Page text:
Windsor plans gas wells in Divide Creek
Windsor Energy Co. of Oklahoma City is moving into the Divide Creek area this year. Windsor recently filed a Proposed Action report with the BLM outlining its plans to drill 98 natural gas wells from 18 well pads on 5,000 acres over the next three to four years.BLM is inviting comments on the project prior to completing an environmental assessment of the area. Deadline for comments is Feb. 18.Windsor’s efforts will focus on uplands above Gibson Gulch about five miles south of Silt. The project area, 11 sections or 4,087 acres, located entirely on BLM land, is bordered on the west by County Road 311 and on the south by County Road 313. Plans call for drilling up to 12 wells in 2005 and up to 35 wells in 2006, with the remainder drilled in 2007 or 2008.”The exact number of wells drilled in any given year will depend on technical results and market performance,” the report said.Windsor acquired the federal leases from KLT Gas Inc., of Houston, which drilled three exploratory wells in the area last year but did not develop them further, Bill Barter, spokesman for the BLM, said.Buys and Associates, a Denver environmental consulting company, is preparing an environmental assessment of the project area for the BLM. One consideration that will be addressed in the EA is the area’s proximity to a natural gas seep where a drilling moratorium is in effect. The Colorado Oil and Gas Conservation Commission imposed the moratorium on a two-mile radius around the gas seep from an EnCana well in West Divide Creek. The COGCC fined EnCana $371,200 for the seep.Don Douglas, of Buys and Associates, project manager for the Windsor EA, said he was not sure if the project area is near the moratorium area around the EnCana well.”It’s pretty darn close,” Barter said. “It could be an issue.”According to the Proposed Action report, Windsor will extend a “trunk road” for 1.71 miles, upgrade 1.88 miles of existing roads and construct 3.3 miles of new access roads to the well pads. It will also construct a central processing station and a pipeline. The central station will increase natural gas pressure from 200 pounds per square inch to 1,000 psi to enable it to flow through the pipeline. The station will be built to initially process 25 million cubic feet of gas per day.Windsor will construct a 1.57-mile, 4- to 6-inch pipeline from the central station to a larger Canyon Resources pipeline that runs on the north side of County Road 313.Well pads will range from 0.92 to 2.25 acres in size and wells will be drilled an average of 6,500 feet, ranging from 6,295 to 7,695 feet in depth.Wells will take 14 to 21 days to drill and 45 days to complete, the report said. In accordance with BLM’s lease agreement with Windsor, construction and drilling activity is not permitted from Dec. 1 to April 30 to protect big game winter range.”Wording in the leases indicates that exceptions may be granted, in consultation with the BLM and the Colorado Division of Wildlife, for the last 60 days of the closure if mild winter conditions are present,” the report said.”We’re hoping to be in the ground as soon as possible this spring,” said Clark Rother, landsman with Windsor Energy.Barter said the first draft of the EA should be completed in mid-February and issued in early April. Besides the potential to infringe on the gas seep moratorium area, BLM has also identified potential habitat for a protected penstemon species.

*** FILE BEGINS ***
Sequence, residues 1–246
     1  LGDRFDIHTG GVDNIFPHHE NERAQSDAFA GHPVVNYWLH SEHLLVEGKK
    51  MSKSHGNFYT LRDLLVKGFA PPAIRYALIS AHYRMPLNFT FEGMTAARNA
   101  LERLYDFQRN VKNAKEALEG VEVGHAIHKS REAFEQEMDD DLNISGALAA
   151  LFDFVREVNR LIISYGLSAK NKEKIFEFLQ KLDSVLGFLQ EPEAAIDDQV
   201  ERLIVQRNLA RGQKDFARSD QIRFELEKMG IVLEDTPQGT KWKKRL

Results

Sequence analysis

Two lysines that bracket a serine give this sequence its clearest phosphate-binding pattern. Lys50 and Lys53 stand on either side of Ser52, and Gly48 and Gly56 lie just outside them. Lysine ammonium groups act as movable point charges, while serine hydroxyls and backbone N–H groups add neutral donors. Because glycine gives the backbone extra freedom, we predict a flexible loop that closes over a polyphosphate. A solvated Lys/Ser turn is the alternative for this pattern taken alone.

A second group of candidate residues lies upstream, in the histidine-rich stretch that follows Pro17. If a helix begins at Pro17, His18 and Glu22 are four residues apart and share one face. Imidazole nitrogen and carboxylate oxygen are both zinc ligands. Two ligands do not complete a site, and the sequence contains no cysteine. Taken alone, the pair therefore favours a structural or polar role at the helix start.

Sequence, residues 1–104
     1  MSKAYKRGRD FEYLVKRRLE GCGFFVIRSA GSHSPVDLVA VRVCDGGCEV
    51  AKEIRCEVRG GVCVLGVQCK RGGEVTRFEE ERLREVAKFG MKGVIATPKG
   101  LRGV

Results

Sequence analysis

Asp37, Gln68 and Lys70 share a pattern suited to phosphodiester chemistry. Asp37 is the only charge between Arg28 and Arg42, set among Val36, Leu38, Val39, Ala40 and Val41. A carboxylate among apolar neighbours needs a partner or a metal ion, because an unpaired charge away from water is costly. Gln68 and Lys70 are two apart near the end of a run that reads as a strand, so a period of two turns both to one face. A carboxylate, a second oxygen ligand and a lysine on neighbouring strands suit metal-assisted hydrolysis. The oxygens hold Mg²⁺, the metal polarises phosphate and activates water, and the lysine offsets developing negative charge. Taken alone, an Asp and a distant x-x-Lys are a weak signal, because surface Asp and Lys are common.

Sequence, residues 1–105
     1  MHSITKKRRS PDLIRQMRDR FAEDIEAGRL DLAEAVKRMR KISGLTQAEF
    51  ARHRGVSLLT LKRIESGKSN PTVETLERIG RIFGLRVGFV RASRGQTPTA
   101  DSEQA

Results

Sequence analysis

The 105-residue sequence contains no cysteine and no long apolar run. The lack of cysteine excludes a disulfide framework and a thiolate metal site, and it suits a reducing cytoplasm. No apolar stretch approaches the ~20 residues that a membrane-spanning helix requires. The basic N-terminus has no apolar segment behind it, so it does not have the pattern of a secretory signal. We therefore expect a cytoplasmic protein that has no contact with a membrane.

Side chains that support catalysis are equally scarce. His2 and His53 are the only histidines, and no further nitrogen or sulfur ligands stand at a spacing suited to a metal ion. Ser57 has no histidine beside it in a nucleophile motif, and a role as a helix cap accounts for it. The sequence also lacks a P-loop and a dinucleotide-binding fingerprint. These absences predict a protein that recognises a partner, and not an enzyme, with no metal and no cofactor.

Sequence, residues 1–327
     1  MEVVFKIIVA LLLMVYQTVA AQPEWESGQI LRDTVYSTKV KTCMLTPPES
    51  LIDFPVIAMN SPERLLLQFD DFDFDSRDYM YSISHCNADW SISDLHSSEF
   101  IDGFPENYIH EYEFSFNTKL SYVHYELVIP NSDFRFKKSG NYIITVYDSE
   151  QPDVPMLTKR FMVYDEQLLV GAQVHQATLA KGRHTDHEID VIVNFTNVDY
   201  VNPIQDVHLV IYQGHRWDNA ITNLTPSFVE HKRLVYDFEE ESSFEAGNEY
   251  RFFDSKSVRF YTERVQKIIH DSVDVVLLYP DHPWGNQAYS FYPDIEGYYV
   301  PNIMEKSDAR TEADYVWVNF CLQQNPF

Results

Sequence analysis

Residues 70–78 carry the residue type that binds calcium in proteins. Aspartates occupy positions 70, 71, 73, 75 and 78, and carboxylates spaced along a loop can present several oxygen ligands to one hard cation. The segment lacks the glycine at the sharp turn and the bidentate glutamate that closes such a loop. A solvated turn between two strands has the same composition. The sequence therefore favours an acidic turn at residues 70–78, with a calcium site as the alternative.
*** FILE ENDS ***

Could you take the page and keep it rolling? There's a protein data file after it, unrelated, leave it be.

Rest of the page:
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Roaring Fork School District Superintendent Rob Stein announced his resignation Friday, effective at the end of the school year, saying he will take “a personal sabbatical” next year.